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dc.contributor.authorChan, Darren
dc.date.accessioned2014-10-01T23:35:08Z
dc.date.available2014-10-01T23:35:08Z
dc.date.issued2014
dc.identifier.urihttps://hdl.handle.net/10182/6370
dc.description.abstractUnder the influence of globalisation, people are, and are continuing to migrate around the globe on a large scale. Acculturation deals with the process of cultural and psychological change of immigrants as they live and interact with the host society. Berry’s (1992) framework of acculturation strategies is the predominant framework in acculturation studies today. According to the framework, four strategies (integration, separation, assimilation and marginalisation) emerge from the interplay between the maintenance of the ethnic culture and the adoption and integration of the host culture. It is argued that while this framework is useful in describing how groups of immigrants acculturate in a particular society, it is not sufficient to explain why people acculturate in different ways. Social identity theory is the proposed perspective in examining the nature of the acculturation process. The four acculturation strategies are argued to be the result of the activation of the in-group/ out-group mechanism, which is treated as a generic social cognitive mechanism by social psychologists. While the current study is not the first to discuss acculturation from a social cognitive perspective, it is the first to claim and empirically test a direct connection. Forty randomly selected participants were recruited in public areas in Christchurch, New Zealand, to take part in the study. Scales of ethnic identity and national identity were used to measure the acculturation style of the participants, and interviews were conducted afterwards to investigate the psychology related to the in-group/ out-group mechanism. Distinctions in stereotypic perceptions and beliefs were found across all acculturation styles, which suggests that acculturation and social identity are interrelated concepts. Additional themes (the role of language, personal identity, the change in environment and the integration of cultural norms) were also identified to influence the adaptation of immigrants. Their relevance and interaction with social identity were discussed.en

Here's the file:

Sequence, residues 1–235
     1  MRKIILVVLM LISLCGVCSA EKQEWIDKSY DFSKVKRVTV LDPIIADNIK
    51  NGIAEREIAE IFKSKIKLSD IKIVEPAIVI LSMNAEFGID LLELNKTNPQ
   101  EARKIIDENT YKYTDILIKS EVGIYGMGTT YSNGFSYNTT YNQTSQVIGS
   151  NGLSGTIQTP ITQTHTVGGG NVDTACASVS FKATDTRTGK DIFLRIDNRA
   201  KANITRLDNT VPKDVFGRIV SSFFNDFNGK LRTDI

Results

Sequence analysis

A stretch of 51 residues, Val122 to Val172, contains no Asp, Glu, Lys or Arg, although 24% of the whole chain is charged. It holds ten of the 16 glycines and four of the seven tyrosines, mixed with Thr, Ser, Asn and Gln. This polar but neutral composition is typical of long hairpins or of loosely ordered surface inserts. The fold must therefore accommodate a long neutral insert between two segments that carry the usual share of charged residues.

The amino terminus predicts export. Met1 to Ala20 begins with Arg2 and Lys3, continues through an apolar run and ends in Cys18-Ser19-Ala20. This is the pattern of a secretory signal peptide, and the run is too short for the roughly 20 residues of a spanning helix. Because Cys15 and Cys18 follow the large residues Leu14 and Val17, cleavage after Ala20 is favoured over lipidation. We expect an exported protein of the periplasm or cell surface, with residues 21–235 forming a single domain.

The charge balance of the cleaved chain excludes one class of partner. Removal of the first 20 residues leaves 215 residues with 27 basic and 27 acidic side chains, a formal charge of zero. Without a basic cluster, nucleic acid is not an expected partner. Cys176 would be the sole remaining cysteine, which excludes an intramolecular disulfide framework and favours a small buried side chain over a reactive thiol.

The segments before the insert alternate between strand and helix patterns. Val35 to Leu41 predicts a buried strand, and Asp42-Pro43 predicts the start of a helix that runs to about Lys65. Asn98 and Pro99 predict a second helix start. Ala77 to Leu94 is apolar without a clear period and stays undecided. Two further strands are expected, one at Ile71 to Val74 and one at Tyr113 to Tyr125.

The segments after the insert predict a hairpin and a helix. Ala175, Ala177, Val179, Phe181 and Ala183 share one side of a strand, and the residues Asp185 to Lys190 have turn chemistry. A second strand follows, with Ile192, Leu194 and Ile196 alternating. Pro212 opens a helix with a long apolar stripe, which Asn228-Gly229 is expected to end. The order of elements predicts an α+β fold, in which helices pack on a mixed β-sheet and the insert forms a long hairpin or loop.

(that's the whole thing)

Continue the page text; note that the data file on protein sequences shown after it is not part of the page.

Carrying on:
dc.language.isoenen
dc.publisherLincoln Universityen
dc.rights.urihttps://researcharchive.lincoln.ac.nz/page/rights
dc.subjectacculturationen
dc.subjectsocial identity theoryen
dc.subjectimmigrantsen
dc.subjectChristchurchen
dc.subjectethnic identityen
dc.subjectNew Zealanden
dc.subjectacculturation frameworken
dc.subjectnational identityen
dc.titleAcculturation: a social identity approachen
dc.typeThesisen
thesis.degree.grantorLincoln Universityen
thesis.degree.levelMastersen
thesis.degree.nameMaster of Social Scienceen
lu.thesis.supervisorMoore, Kevin
lu.thesis.supervisorGidlow, Bob
lu.contributor.unitDepartment of Social Science, Parks, Recreation, Tourism and Sporten
dc.subject.anzsrc170113 Social and Community Psychologyen
dc.subject.anzsrc160403 Social and Cultural Geographyen
dc.subject.anzsrc2002 Cultural Studiesen


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